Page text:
The Concord of Ashes
Roberto di Noldo
An noted historian, genealogist and physician hailing from the Clan of Death, Roberto is the oldest pilgrim of the 4th Crusade. He is neutral in the politics that beset the enterprise, concerned only with edifying his medical knowledge.
A middle-aged Italian with short brown hair and a full beard, both peppered with grey. His complexion is ghastly, waxen and unwholesome, though this is offset my his mild, friendly demeanour and lively brown eyes. He wears simple robes of black over a white chemise, and he would appear to be a scholar judging from the ink stains on his fingers. A simple knife rests at his belt.
Roberto is perhaps the only true elder that has taken the Fourth Crusade. To hear him tell the tale, he was Embraced in the early years of the 8th Century. When he was mortal, Rachipert was a prominent and wealthy Lombardic landowner attached to a now-vanished commune some miles south-east of the city of Modena. While his father was considered an invader, his mother was a native Tuscan, and she instilled in her brilliant son a love of Roman history and a passion for preserving knowledge. Freed from the need to work for his living, he had much time to devote to other pursuits such as the study of the liberal arts, medicine and painting. In these matters he grew well-versed, and Rachipert became known for his works. Unbeknownst to him, his skill in medicine had attracted the attention of several Cainites, his sire Penelope among them.
So it was that when the plague arose in northern Italy in 722 CE (as indeed it had for nine generations, since the Plague of Justinian had almost wiped out the Eastern Roman empire), Rachipert saw it as an opportunity to help his fellows and grow in knowledge. After failing to save his own commune from the ravages of the disease, he journeyed first to Bologna, and then to Ravenna, having correctly surmised (from his studies of the history of the outbreak) that the genesis of the disease in Italy was the ports.
His colleague, Penelope, and her husband, Lucius took him into their home and eventually, their confidence concerning their state. Intrigued by their “condition”, Rachipert hoped to find a way to examine them after he had cured the plague. Alas, for all his good intentions he was unsuccessful. Rachipert contracted the disease himself and fell gravely ill just months after arriving in Ravenna. On his death bed, he accepted his host’s offer of the Embrace, and entered the ranks of the Clan of Death just minutes of he expired in agony from the plague.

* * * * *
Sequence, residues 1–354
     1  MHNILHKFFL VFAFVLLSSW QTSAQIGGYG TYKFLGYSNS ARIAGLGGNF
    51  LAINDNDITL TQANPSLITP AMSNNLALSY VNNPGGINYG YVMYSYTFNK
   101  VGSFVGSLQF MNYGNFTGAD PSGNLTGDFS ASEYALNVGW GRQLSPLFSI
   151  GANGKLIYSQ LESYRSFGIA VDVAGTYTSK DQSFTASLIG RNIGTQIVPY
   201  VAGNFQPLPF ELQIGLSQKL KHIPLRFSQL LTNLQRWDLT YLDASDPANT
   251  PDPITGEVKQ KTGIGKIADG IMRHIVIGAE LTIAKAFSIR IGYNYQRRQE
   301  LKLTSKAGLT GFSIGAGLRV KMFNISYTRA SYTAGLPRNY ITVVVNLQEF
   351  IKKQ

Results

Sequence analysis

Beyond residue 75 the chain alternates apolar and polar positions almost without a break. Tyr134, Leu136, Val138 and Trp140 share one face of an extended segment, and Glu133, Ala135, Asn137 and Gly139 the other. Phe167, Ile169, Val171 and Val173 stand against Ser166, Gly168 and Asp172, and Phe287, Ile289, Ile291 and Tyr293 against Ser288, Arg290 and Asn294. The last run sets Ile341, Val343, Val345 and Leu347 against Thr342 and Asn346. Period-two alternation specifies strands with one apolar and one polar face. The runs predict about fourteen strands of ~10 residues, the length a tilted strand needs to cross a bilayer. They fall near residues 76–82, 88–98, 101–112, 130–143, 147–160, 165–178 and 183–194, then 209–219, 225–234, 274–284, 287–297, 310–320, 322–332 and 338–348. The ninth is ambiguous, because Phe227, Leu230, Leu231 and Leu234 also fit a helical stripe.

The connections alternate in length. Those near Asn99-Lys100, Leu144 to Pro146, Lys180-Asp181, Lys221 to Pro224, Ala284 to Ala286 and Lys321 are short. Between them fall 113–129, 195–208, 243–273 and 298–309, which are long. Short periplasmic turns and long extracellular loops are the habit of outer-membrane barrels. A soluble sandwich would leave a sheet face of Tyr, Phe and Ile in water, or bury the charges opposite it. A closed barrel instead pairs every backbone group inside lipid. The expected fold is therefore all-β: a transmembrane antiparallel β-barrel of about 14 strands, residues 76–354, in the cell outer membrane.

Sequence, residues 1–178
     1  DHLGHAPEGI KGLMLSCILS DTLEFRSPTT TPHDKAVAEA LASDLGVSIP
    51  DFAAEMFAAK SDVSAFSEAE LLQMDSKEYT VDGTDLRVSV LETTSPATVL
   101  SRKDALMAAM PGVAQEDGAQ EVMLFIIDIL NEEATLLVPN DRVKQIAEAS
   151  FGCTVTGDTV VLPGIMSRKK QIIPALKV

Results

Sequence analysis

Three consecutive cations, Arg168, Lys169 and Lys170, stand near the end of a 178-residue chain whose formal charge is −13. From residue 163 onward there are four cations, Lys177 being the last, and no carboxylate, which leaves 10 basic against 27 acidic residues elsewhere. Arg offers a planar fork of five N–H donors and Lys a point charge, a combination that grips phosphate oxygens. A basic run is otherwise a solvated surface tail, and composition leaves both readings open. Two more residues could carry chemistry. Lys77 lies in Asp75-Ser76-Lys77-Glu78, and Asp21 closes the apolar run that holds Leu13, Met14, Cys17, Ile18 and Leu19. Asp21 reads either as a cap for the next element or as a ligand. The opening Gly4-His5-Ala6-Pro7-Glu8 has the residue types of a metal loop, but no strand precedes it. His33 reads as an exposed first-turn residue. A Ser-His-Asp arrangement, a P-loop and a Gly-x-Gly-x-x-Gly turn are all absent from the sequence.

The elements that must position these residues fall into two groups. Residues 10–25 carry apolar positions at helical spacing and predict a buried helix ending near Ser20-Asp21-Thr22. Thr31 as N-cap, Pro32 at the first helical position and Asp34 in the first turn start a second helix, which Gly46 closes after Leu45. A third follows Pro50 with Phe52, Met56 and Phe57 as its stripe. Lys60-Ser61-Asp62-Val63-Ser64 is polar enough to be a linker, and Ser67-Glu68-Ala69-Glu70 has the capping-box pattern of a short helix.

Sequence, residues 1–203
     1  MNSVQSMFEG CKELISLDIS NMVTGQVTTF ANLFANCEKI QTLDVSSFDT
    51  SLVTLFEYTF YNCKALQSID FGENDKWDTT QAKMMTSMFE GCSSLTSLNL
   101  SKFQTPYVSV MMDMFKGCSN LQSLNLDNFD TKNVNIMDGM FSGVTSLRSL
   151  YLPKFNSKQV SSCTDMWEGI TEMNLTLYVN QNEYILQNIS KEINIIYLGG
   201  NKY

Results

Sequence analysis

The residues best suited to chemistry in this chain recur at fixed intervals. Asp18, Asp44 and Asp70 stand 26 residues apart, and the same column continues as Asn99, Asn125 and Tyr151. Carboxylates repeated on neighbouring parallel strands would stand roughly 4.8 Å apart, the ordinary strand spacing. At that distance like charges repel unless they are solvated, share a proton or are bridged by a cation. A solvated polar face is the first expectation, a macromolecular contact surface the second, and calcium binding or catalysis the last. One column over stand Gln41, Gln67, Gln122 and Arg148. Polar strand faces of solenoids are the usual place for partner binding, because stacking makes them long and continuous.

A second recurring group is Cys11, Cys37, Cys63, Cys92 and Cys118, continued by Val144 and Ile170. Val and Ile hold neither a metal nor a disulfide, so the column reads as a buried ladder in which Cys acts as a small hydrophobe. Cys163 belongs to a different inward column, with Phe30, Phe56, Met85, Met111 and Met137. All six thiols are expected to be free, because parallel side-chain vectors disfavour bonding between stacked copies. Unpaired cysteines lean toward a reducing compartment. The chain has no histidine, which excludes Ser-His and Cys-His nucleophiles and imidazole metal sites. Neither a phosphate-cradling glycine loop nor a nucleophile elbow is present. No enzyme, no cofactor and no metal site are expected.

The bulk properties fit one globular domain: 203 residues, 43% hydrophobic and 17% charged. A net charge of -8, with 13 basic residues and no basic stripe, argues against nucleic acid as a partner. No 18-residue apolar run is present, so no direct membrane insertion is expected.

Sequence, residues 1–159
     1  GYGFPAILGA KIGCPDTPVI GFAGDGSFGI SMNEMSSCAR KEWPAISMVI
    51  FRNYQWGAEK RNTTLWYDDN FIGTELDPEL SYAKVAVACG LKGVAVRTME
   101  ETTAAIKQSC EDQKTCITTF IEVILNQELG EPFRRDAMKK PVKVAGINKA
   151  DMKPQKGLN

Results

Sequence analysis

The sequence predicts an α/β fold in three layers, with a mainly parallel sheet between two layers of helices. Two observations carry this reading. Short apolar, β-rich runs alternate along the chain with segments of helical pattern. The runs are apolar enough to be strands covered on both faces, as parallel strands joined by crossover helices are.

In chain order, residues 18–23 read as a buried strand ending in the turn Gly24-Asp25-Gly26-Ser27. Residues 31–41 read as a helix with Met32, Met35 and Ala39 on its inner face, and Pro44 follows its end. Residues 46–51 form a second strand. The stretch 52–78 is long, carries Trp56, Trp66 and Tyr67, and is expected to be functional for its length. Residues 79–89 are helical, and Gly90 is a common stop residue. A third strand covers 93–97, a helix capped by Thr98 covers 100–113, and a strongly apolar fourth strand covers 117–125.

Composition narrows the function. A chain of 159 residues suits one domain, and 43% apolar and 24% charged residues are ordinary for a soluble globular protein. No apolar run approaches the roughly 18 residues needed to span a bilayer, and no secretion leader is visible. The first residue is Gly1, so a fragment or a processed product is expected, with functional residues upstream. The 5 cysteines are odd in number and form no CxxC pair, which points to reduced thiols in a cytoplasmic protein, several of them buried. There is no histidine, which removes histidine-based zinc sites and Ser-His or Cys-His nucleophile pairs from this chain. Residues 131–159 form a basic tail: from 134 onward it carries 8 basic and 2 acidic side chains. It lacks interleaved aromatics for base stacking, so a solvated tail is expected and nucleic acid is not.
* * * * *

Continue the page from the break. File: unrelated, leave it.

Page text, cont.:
Rachipert became an enthusiastic member of Ravenna’s Undead community, and avidly continued his studies in the decades after his death. With the guidance of his sire, he quickly mastered the rudiments of Auspex, and eventually mastered several paths of the Mortis discipline. A generation after his Embrace, the cycle of generational plague was broken, although he freely admits that it may have been through natural processes rather than his own fanatical efforts. By the turn of the ninth century he had exhausted the limits of medical texts and experimentation, and so devoted his efforts to other areas. Amongst the Clan of Death, he is widely regarded for his knowledge of history (both Cainite and kine) and for his understanding of vampiric genealogy (particularly that of his own clan). In time, he would also adopt an Italian name and fully adopt an Italian manner in an effort to keep up with the times, but as the centuries marched along he found himself falling behind.
Roberto belongs to the same secretive society of Cappadocian humanists as Dietrich von Steyer and Rowena d’Alexandre, and has been an active colleague and correspondent of each for centuries. He speaks over a dozen languages, and is unusually well-travelled for a Cainite, having pursued his studies wherever they took him in his fight against the static nature of his condition. Over the course of his near five centuries of existence he has dwelt in Ravenna, Bologna, Venice, Milan, Athens, Thessalonica, Durazzo, Dijon, Paris, Cologne, Brunswick, Hamburg and Lübeck. It was in this last city that he met Justis Giovanni, the dynamic young physician who would breathe new life into the elder’s stale existence.
Justis’ infectious enthusiasm brought a new spring to Roberto’s step. The elder was surprised to find how far medicine (which he had come to neglect) had come in the late 12th century, and the young man’s humanitarian zeal was refreshing as well. It didn’t hurt that the young man was of the Giovanni either, for Roberto had been eager to hear more of their experiments across the Shroud. He advised Justis of the emerging power of the Hanseatic League, and the young doctor advised his family further. Impressed with both of them, and glad for their advice, they were invited to Venice by none other than Claudius Giovanni to speak further. It was not long before Roberto had convinced them to keep him on so that he might trade his advanced knowledge of Auspex and Mortis for that of Nigrimancy. Furthermore, he also managed to secure Justis as his childe, over the objections of Laertes the Physician (an old rival).
The two of them plan to return to the Hanseatic League, just as soon as the Fourth Crusade is satisfactorily concluded. There, Justis will continue his duties as an envoy to the Ventrue and Lasombra merchants of the Hanse, and Roberto will begin an examination of the Shadowlands of Northern Europe. For now, they are both content to oversee the medical needs of the pilgrimage, for war always brings advances to the science of medicine. For his part, Roberto endures Justis’ required membership in the Serene Brotherhood with good grace, but he insists that they both stay out of the dangerous politics and ideological conflict besetting the crusade.
Lineage: Childe of Penelope of Hamburg, Childe of Baldasarre (d), Childe of Parmenides (d?), Childe of Japheth, Childe of Cappadocius
(d?)= probably destroyed